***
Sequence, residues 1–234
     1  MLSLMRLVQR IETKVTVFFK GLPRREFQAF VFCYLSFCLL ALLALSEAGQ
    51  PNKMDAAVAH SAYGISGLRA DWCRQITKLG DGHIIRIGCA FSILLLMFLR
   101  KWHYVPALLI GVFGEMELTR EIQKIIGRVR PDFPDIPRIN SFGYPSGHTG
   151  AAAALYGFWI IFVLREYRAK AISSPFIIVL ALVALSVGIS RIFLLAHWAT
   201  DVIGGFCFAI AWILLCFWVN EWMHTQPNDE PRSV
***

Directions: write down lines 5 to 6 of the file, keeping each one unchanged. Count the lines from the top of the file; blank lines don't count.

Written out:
   151  AAAALYGFWI IFVLREYRAK AISSPFIIVL ALVALSVGIS RIFLLAHWAT
   201  DVIGGFCFAI AWILLCFWVN EWMHTQPNDE PRSV